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Surprising results from tax cliff edges

20 October 2020 / Keith M Gordon
Issue: 4765 / Categories: Comment & Analysis
A lazy mantra

Key points

  • Complexity of tax may lead to similar situations having different outcomes.
  • Importance of electing to backdate a gift aid donation at the right time.
  • Cliff edges can produce surprising results.
  • Contrasting outcomes in Mayes and Lobler.

When a member of the public falls foul of a failed tax avoidance scheme, critics often express their lack of sympathy with the remark that the scheme’s advertised outcome was too good to be true. While I agree that non-tax experts should express a healthy scepticism when being sold a scheme, the criticism overlooks the fact that tax avoidance schemes are typically backed up by opinions from counsel and other tax experts.

In those circumstances, are non-tax experts entitled to believe the advice given, even if the tax outcome is very favourable when compared with the commercial realities? In general, and without wanting to condone the schemes, I would say that this is indeed the case.

The point has already arisen in the context of a First-tier Tribunal decision, which was considering whether the taxpayer had been negligent (the statutory forerunner of carelessness) when including a tax-favourable outcome on his tax return even though that outcome did not match the commercial realities. In Bayliss (TC5251), Judge Falk (now Mrs Justice Falk) and Member Michael Bell remarked:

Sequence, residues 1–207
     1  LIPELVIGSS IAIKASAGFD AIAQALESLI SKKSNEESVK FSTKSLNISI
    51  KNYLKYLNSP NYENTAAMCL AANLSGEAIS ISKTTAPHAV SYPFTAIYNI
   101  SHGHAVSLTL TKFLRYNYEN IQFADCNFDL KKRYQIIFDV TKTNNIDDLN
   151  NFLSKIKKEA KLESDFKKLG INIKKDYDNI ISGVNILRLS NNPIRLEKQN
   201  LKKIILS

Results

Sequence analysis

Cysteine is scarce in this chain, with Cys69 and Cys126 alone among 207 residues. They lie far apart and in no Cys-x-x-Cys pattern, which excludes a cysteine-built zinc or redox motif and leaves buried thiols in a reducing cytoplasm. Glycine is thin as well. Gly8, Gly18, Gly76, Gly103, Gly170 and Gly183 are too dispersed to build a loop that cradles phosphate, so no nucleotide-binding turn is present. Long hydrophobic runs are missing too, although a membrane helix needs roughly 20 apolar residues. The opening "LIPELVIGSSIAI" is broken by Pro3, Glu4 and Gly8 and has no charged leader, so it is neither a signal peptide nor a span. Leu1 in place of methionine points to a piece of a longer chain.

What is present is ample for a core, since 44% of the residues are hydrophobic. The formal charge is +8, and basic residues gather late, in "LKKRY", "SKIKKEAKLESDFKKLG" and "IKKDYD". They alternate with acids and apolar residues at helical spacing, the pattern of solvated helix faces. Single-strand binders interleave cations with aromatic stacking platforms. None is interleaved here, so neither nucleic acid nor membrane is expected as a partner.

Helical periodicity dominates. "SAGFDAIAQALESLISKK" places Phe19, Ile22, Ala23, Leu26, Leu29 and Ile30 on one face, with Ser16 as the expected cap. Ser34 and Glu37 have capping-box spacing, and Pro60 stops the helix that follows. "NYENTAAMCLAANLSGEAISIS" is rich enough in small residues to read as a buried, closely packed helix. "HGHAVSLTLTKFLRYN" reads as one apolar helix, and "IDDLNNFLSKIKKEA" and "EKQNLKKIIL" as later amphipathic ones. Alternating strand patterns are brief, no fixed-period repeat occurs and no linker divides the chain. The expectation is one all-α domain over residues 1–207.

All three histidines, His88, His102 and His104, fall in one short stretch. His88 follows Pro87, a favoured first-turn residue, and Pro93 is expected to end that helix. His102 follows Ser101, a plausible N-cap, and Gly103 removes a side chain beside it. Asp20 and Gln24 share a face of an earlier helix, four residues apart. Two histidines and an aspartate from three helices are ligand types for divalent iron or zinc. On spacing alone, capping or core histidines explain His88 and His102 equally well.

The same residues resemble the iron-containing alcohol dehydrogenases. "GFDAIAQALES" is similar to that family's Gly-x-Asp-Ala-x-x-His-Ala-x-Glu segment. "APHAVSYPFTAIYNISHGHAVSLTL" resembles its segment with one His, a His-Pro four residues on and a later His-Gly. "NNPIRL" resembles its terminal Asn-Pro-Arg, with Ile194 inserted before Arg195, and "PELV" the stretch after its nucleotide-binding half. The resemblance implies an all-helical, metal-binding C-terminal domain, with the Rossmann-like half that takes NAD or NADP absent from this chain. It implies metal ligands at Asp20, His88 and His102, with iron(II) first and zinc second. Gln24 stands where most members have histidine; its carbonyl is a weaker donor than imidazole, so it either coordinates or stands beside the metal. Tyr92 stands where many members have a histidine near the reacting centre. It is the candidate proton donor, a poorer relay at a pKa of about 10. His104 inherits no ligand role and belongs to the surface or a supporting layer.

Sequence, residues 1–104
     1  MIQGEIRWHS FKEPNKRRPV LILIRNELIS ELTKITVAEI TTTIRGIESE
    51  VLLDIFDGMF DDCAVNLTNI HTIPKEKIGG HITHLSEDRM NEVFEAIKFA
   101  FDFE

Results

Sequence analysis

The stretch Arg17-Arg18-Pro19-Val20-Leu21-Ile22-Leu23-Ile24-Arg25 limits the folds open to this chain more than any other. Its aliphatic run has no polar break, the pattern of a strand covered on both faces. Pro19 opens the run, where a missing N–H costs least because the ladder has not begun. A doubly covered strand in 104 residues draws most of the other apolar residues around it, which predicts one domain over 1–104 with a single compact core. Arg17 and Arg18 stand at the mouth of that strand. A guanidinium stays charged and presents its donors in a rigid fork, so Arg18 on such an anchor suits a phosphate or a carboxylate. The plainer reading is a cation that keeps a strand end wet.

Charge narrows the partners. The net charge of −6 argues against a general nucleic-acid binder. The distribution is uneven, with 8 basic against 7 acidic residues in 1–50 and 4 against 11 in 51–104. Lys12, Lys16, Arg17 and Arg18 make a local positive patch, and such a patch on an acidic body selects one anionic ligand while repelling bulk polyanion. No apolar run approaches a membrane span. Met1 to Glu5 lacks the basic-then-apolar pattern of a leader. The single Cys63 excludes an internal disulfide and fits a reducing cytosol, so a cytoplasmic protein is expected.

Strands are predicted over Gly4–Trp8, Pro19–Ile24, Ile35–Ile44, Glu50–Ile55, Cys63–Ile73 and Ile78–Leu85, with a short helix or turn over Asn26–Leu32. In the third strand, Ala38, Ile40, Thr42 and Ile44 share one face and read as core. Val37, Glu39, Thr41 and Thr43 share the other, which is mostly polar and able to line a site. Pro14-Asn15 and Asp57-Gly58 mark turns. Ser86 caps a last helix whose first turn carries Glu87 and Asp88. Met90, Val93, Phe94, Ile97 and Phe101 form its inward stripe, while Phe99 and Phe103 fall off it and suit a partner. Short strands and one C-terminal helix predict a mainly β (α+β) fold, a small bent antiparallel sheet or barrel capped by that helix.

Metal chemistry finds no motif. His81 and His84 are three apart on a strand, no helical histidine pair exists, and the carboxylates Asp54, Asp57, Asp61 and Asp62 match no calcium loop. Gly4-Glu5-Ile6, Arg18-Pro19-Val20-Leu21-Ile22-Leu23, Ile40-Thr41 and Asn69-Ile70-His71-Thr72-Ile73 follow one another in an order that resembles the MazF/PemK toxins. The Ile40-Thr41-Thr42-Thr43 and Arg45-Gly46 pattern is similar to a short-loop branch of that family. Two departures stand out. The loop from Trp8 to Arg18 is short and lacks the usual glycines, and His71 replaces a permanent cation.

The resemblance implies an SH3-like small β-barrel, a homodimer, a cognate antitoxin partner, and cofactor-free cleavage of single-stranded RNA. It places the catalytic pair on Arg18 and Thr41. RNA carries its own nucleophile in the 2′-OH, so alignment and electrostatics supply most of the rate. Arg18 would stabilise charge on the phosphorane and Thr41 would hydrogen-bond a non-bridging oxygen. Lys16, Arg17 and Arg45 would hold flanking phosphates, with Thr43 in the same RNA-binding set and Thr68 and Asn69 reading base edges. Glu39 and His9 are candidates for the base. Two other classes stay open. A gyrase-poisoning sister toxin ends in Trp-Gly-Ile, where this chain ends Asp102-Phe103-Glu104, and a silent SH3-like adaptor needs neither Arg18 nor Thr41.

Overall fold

‘Faced with their assurances that the scheme was legal and based on a tax “anomaly” we do not think that the fact that the terms of the loan were uncommercial, or that the contract for difference transaction itself was clearly uncommercial, demonstrate negligence for TMA 1970, s 95(1) purposes. We also do not think that the appellant was negligent for s 95(1) purposes in failing to obtain independent financial advice. If he had that might well have reinforced the rather obvious point that the entire transaction was uncommercial (which we think was clear enough to the appellant in any event), but would not have informed the appellant about how to fill in his tax return.’